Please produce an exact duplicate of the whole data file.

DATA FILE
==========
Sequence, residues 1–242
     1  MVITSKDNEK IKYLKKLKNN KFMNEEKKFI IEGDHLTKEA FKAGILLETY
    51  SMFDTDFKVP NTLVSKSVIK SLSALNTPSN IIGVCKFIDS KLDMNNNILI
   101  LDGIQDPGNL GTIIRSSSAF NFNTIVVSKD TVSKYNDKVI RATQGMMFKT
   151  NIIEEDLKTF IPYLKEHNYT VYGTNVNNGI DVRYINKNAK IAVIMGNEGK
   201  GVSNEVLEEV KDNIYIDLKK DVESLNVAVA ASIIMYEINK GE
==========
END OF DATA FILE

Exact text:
Sequence, residues 1–242
     1  MVITSKDNEK IKYLKKLKNN KFMNEEKKFI IEGDHLTKEA FKAGILLETY
    51  SMFDTDFKVP NTLVSKSVIK SLSALNTPSN IIGVCKFIDS KLDMNNNILI
   101  LDGIQDPGNL GTIIRSSSAF NFNTIVVSKD TVSKYNDKVI RATQGMMFKT
   151  NIIEEDLKTF IPYLKEHNYT VYGTNVNNGI DVRYINKNAK IAVIMGNEGK
   201  GVSNEVLEEV KDNIYIDLKK DVESLNVAVA ASIIMYEINK GE